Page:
This definition allows the agency to work on very hard and high-impact projects. As a program manager, you are not worried about failure because the task is too difficult. The only thing you need to ensure is that you do the job you joined DARPA to do.

Hard and high-impact projects are always going to be risky. You cannot be fearful and avoid risk that is inherent to a program. You just need to understand what the risks are and find ways to address them. When new risks are identified, do not just push them aside. You identify them and you aggressively attack those risks to make sure the program succeeds.

As a program manager, and as a technologist, you also need to find a certain balance. Fundamentally, I am an optimist. I know technology has enormous potential. But at DARPA it is important to understand the need for a sense of pessimism. At DARPA, so many people come in and present ideas they believe to be new and novel, and in the end, most ideas have resurfaced time and again, and, from your experience, you know that these ideas have fundamental flaws. You realize that good new ideas are rare, and good new DARPA breakthrough ideas even rarer. Despite this, it is important to be optimistic about technology development, and to learn to thoroughly question everything. That is one of the key aspects of the DARPA culture: if you do not look closely and question, you will not understand the nature of the problem, and its possible solutions. You will not understand what difference a new approach might make and you will not understand which ideas are promising and which are not.

A program manager must be respectful of people’s ideas. One thing that I learned at DARPA—maybe one of the most important—is that when someone comes to you looking for funding for a new idea, they are actually exposing vulnerability to you. Any good idea, anything that challenges long held beliefs or practice, will have a number of issues. It is always easier to focus on those weak points rather than to try and fully understand the potential and possibilities of a new concept. In that situation, you have the option as a DARPA program manager to focus on all of the potential faults, or you can take a balanced approach and look at the possibilities as well as the questions that need answers. Observe the substance of the idea, the supporting science, and the implications. If you always focus on the faults, or mock an idea, people will be hesitant to approach you with new concepts. Though very few ideas will be of interest, and most will either be poorly thought out or presented like a TED talk, you have to be very respectful for every idea brought to you. Understand that your job is not only to pursue your own ideas, but to foster and select good ideas that are presented to you.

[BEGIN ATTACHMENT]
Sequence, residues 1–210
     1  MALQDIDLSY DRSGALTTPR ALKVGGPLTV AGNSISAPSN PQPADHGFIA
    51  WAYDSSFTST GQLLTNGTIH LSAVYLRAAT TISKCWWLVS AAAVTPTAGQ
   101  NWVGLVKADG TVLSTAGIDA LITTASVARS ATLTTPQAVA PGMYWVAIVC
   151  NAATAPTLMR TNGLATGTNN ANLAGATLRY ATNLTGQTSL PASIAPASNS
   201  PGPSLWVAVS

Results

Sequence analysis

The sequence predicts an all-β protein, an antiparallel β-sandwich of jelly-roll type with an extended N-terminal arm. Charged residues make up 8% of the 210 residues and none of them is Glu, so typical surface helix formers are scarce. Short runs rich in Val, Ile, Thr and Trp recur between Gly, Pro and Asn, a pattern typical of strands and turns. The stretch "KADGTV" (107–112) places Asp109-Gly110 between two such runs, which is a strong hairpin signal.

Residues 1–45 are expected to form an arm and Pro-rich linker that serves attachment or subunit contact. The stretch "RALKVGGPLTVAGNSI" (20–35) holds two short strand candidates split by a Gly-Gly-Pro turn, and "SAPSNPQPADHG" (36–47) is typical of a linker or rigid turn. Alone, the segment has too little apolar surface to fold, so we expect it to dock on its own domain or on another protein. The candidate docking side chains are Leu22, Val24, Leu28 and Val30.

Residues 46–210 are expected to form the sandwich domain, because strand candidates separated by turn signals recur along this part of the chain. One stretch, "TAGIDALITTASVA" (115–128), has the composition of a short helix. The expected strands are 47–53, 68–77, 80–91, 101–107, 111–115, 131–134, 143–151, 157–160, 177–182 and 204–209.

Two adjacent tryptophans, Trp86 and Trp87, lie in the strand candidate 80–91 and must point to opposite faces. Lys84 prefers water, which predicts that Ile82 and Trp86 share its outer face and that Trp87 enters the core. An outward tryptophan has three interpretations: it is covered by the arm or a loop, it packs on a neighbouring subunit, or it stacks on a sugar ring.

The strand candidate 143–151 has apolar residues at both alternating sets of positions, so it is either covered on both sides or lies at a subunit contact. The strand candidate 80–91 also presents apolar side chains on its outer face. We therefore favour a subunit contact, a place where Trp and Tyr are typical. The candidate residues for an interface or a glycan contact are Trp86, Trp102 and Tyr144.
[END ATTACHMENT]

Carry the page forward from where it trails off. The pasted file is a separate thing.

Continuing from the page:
In turn, the ideas you pursue must focus on producing tangible results. At DARPA you need to be program- and project-oriented, rather than an investigative researcher. DARPA develops prototypes to show what the future can be. If your end result is simply a paper or presentation, you have not proved what is possible. If you demonstrate a robot climbing a wall to the world, on the other hand, then people truly will believe it is possible.

New ideas must have a valid approach. You must demonstrate that the physics and science are valid and at least have gone through the first-order calculations. At DARPA, a program manager will often fund “seedling” efforts prior to a program. Seedlings are quick efforts that provide evidence for a program that moves an idea from disbelief to doubt. There will always be missing pieces that you know must be worked on. This is acceptable, as long as you have a possible approach and develop metrics to measure your progress. You need to have thought in detail of at least one possible technical approach, a straw man solution. From this, you can estimate cost and schedule. Also, if you are going to ask people to propose solutions to your program, you need to be reasonably confident there is one possible approach. However, you should never limit a program to only that one approach. A diversity of approaches is important to any successful program.

Key to making this process work is by clearly defining goals and metrics. Metrics specified for the early phases of a program help ensure you are making progress and tackling the “DARPA Hard” challenges by focusing on the technical problems. Concise final goals and metrics in R&D provide a clear definition of what are you trying to accomplish to the outside world. This is immensely important to DARPA program manager, as the metrics define what she or he is investing in, the capability, what are the hard challenges, how is success measured, and what is the impact. For potential proposers, it provides clear guidance on what their solution must be capable of achieving.

Performance metrics help identify the key technical challenges and capabilities, independent of possible solution. This allows a program manager to gauge how different solution in the program are progressing and how well they are overcoming the key challenges. Metrics may change as a program progresses and the technical challenges evolve, and as you learn more about the problem and have a better understanding of the missing pieces to the solution. There are always missing elements to a program, where even with your straw man design and scientific vetting, you are not sure they are technically possible. These DARPA Hard challenges are valuable as they provide new capabilities, assuming you succeed.